If you have never gazed up at the night sky before in a rural location on a moonless night, that sentence might not make any sense to you.

To our family, looking at the stars is a regular experience that both opens our eyes to the wonders of the universe and also shows us our place in it. The heavens above are huge, and we love to try to capture as much of its vastness (and beauty) whenever we go camping.

You didn’t come here to hear me wax poetic about the stars, you probably just want to know:

Is Astrophotography Worth it?

Astrophotography is definitely “worth it”! It’s a hobby that can be as cheap or expensive as you want it to be. You can get results with both limited knowledge or years of experience. But, best of all, it’s something you can do your entire life. 

In this article, I’ll break down why astrophotography is worth it and why you should consider doing it when camping or even on a nice evening at home. Also, I’m writing this from a slightly different perspective than you might usually see online. Alison and I are currently a little more into landscape astrophotography right now, but that has been slowly changing over time.

1. Get Outside More with Astrophotography

The best part of astrophotography is that it forces you to get outside more often.

“But, I don’t want to go outside, Jason! I like my couch just fine.” Well, then this hobby might not be for you. Sure, you can stick your telescope out the window of your house, but that usually isn’t best practice to create amazing images. It’s usually better to immerse yourself in the great outdoors.

Getting outdoors at night has so many great advantages. Sure, we know about the health benefits of breathing fresh air, but what about connecting with nature? When you are outside for hours and hours, you are bound to see plenty of animals you might not have seen in the daylight. 

We always hear strange sounds in the woods at night. From birds to bugs, the night comes alive while capturing pictures of stars. Sometimes we’ll even see animals creep through the campsite like feral hogs or whitetail deer which can definitely add some excitement to a shoot. In the desert, we look forward to seeing scorpions glowing under UV lights as they scurry past a tripod leg. Photographing at night is actually a blast!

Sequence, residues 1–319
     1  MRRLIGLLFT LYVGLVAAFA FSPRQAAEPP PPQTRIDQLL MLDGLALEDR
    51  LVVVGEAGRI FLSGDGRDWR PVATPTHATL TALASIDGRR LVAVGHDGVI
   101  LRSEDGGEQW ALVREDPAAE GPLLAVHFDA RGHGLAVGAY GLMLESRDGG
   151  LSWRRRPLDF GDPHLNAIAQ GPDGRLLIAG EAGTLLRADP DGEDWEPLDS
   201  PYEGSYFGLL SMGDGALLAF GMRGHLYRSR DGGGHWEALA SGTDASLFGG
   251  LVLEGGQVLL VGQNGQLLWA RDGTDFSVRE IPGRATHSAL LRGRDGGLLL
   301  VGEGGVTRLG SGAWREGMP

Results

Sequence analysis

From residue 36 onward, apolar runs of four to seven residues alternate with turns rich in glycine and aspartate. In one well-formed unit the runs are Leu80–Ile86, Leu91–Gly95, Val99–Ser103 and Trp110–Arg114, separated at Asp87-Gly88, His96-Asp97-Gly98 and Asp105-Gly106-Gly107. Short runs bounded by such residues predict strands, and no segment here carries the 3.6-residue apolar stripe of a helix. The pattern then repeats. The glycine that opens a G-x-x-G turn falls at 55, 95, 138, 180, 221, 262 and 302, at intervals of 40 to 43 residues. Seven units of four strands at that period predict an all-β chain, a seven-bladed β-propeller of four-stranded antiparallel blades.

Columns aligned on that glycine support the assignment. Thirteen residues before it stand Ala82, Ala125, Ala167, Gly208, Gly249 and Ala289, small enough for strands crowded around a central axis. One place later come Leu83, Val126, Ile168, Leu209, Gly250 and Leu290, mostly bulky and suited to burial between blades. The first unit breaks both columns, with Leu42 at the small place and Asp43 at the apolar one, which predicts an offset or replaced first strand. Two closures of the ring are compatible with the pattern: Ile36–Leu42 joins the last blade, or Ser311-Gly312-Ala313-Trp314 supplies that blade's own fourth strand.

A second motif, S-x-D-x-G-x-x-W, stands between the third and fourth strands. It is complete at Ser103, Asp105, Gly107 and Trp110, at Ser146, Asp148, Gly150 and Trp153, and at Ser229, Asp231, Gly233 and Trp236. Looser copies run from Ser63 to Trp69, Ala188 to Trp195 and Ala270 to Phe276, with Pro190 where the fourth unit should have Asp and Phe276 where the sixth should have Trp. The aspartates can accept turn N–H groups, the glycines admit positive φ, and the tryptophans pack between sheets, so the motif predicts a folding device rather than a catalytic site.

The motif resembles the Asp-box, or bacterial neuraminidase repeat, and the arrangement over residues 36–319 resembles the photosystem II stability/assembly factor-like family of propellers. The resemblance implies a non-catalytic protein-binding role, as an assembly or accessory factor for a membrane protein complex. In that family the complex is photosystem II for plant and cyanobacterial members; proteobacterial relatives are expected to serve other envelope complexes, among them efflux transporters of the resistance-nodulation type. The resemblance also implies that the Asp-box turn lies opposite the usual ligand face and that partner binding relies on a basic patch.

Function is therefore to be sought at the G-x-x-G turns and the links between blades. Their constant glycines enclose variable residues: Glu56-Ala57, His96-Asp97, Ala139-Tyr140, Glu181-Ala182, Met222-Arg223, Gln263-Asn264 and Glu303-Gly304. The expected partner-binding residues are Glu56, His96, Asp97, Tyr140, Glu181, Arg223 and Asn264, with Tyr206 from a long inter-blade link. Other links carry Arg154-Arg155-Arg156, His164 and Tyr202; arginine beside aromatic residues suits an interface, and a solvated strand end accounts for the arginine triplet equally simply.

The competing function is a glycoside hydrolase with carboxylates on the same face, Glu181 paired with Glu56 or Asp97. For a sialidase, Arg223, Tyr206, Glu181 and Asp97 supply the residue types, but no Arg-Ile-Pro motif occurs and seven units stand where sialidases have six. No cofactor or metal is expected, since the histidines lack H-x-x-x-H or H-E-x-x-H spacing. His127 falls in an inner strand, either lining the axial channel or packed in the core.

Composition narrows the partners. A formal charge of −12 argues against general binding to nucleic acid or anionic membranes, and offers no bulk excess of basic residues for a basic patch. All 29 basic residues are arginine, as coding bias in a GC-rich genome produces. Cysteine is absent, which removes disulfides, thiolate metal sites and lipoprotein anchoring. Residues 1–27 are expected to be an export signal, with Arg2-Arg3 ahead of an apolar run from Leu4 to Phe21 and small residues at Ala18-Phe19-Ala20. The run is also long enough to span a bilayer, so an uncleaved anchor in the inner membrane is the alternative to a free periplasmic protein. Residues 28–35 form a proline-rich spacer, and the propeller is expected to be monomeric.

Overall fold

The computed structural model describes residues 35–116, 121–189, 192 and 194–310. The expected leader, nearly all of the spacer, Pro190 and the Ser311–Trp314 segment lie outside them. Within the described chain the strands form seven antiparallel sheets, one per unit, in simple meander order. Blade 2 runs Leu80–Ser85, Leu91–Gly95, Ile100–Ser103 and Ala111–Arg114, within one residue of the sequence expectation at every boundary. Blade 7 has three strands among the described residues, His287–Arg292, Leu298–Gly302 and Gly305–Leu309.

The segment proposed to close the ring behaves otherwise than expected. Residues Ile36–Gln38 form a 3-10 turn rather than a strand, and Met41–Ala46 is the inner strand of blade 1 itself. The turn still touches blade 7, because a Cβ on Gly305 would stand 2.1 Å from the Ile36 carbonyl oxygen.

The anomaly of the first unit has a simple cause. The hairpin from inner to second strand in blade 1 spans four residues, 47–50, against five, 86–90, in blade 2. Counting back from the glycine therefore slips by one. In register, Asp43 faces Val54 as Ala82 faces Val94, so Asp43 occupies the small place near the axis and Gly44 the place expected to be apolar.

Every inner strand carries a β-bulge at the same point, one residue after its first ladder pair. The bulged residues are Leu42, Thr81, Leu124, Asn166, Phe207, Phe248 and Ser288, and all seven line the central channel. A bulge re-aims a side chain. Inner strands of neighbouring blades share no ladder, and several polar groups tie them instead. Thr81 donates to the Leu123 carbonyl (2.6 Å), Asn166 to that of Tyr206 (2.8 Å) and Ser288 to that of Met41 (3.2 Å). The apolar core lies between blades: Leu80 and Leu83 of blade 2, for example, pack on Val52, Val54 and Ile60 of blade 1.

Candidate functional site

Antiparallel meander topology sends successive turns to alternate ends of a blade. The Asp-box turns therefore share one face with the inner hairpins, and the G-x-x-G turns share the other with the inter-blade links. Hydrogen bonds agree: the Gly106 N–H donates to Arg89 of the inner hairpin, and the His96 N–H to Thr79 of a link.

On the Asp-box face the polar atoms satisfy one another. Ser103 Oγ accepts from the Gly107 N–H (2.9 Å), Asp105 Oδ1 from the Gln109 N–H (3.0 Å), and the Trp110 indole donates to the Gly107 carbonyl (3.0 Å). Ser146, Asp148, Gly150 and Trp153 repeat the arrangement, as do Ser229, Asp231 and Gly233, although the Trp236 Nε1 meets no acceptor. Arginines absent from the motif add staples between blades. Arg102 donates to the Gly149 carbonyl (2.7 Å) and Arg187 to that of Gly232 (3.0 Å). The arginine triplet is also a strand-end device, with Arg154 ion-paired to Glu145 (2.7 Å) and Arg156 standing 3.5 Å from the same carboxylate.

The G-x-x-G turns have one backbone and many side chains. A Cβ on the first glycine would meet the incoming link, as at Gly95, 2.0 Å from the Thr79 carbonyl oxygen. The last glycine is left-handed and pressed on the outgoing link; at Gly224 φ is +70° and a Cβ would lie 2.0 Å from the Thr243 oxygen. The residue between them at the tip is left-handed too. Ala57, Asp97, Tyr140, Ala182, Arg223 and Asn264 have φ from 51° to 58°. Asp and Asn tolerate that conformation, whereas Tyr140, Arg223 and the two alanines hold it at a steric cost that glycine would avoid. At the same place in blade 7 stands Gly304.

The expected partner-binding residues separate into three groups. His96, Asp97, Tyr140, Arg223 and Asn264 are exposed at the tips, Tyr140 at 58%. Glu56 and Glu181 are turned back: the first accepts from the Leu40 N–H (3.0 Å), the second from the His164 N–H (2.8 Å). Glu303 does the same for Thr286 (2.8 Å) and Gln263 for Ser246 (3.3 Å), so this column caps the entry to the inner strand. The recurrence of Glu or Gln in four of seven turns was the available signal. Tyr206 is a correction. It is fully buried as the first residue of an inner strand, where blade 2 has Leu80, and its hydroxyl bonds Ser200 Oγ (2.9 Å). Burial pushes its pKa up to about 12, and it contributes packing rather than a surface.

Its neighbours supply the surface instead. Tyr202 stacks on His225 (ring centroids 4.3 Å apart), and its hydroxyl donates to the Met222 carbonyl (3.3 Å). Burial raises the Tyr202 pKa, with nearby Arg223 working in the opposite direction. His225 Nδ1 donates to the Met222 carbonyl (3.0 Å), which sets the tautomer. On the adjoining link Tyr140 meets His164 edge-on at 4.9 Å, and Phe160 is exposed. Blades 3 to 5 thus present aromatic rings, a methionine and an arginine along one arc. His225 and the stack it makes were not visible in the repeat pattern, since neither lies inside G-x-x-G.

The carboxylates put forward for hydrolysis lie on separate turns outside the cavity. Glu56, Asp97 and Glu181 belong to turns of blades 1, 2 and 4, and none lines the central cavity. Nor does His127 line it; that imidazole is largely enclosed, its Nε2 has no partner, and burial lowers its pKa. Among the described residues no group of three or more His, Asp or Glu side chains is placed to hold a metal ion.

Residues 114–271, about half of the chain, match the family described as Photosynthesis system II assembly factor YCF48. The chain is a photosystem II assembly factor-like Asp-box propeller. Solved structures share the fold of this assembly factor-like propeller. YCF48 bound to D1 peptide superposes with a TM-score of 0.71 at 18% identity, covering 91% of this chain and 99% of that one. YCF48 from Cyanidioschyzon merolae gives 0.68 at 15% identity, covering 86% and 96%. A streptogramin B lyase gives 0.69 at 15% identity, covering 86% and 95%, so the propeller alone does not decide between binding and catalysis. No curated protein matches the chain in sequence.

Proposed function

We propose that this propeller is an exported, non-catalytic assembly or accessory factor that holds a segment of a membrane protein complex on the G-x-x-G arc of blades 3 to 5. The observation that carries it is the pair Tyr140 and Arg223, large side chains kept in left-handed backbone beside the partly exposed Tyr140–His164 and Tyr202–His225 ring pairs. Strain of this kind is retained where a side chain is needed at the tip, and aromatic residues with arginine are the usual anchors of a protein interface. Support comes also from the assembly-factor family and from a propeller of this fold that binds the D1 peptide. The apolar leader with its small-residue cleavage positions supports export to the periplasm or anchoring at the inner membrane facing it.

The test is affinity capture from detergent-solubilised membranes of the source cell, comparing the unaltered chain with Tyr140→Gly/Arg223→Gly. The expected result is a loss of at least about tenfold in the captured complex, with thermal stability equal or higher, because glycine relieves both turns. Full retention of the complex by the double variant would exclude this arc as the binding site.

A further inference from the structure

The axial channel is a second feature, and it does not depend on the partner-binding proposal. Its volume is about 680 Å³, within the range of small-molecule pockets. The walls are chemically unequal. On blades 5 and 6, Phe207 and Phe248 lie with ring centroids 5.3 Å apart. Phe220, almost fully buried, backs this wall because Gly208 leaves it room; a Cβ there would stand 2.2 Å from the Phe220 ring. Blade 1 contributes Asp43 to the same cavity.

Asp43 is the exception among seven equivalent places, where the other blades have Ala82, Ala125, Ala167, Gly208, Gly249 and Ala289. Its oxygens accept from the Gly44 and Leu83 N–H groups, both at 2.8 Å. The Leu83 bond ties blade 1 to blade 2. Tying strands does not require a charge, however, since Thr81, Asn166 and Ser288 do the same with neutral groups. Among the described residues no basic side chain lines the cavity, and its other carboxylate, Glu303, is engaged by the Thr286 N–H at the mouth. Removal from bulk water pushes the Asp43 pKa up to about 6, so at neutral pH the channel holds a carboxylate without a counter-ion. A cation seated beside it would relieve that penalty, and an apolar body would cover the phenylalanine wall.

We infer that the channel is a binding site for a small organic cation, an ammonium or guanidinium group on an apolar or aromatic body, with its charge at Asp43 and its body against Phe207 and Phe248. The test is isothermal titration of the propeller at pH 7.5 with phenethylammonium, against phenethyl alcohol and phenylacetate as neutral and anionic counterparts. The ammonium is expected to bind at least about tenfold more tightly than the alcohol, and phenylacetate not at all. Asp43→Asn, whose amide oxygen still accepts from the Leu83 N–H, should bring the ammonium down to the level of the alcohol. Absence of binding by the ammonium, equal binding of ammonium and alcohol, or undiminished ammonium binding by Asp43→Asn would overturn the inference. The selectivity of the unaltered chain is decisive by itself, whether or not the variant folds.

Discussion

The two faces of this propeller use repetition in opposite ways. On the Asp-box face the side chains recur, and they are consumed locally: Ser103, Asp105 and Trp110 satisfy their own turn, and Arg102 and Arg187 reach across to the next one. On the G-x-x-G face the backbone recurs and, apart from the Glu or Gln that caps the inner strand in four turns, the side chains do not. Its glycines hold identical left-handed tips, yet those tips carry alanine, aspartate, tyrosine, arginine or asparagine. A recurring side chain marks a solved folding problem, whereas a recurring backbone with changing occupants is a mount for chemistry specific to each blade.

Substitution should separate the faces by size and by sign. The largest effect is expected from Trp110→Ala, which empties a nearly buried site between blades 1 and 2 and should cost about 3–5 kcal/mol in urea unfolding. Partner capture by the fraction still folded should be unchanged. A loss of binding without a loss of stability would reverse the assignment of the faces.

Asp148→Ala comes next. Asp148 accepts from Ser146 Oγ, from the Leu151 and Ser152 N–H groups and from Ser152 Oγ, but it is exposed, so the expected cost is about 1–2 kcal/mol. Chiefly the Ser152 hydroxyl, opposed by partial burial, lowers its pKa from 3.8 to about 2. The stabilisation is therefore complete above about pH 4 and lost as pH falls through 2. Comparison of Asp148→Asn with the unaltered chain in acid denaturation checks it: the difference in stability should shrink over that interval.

Scorpion under UV Light on desert sand
Scorpion Under UV Light at Monahans Sandhills State Park | © Alison Takacs

2. Grow Your Knowledge of the Universe

Andromeda Galaxy Over Ryan Park Campground Wyoming
Learn to recognize galaxies like Andromeda | © Alison Takacs

If you spend enough time outside at night, you’ll start to get familiar with the heavens above whether you care or not. Everything will start to look familiar over time. Most people can find the Big Dipper or Orion’s Belt pretty quickly, but when you have been stargazing enough to capture images for astrophotography, you’ll soon learn exactly where these features will be during certain seasons of the year and times at night in addition to little facts about them.

For instance, the Earth starts to feel smaller and your place in the universe changes as you look up at the Andromeda Galaxy nestled in the constellation of Andromeda to photograph it. Knowing there are many billions of stars in another galaxy around 2.5 million light years away that will eventually crash into us in a few billion years is truly mind boggling. And, Andromeda is pretty much just an average sized galaxy!

Learning little things like that while shooting astrophotography helps you to grow your scientific understanding of everything else going on everywhere else outside of this little rock we live on.

You can even start with knowing the location of different constellations of galaxies you have heard people talk about. This is a great first step to becoming more knowledgeable about the night sky! 

Here’s an easy example: How do you find Andromeda? Look for the “W” shaped constellation Cassiopeia and the square in the Pegasus constellation, and it’ll be close to between the two. Over time, you become familiar with the night sky and are able to read the sky like a map. Knowledge like this can usually impress your buddies that have never camped before.

3. Price Range

Another thing that makes astrophotography worth it is that it has varying levels of cost. You can always start at the cheapest level like I prefer by simply shooting on your phone. In fact, I wrote several articles about the topic. Try this one on phone astrophotography and this one on light painting with a phone camera. Creating astrophotography images on a smartphone is easy and fun to do. It doesn’t require a bunch of money to get started, and it is a great gateway to shooting the stars on a more advanced DSLR or mirrorless camera. You don’t necessarily need “the best astrophotography camera” to get great images.

If you do decide to shoot on a more advanced camera, then the price can start to climb. You can always get a used camera and tripod for a few hundred dollars to test this part of the hobby out. Then, you’ll get a good idea if it’s worth dropping more money into.

Each year, we dump more and more money into astrophotography because it’s so enjoyable! Star trackers, camera adapters for telescopes, and sliders can really start to add up as you travel further down the rabbit hole of night sky photography.

We wouldn’t trade this pricey addiction for anything.

Desert astrophotography on a Pixel 6 phone
Start cheap with a phone before purchasing an expensive camera | © Jason Takacs

4. Skill Range

Just like the price range for shooting astrophotography pictures can vary greatly, so can one’s skill range. You can shoot like I do and take a picture with a little bit of light painting and the click of a button, or you can get much more involved in creating an image like Alison does. It’s a hobby that allows you to spend just seconds getting decent results or days getting even better results.